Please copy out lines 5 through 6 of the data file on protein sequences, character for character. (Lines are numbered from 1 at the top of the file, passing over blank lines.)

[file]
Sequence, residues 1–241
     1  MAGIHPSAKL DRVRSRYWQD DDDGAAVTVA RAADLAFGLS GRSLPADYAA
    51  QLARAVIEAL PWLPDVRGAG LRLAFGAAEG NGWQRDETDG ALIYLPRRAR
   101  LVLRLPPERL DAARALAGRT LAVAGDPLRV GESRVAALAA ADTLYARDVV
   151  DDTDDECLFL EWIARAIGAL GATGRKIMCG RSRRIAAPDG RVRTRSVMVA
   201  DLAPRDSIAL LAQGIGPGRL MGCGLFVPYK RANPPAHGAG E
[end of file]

   151  DDTDDECLFL EWIARAIGAL GATGRKIMCG RSRRIAAPDG RVRTRSVMVA
   201  DLAPRDSIAL LAQGIGPGRL MGCGLFVPYK RANPPAHGAG E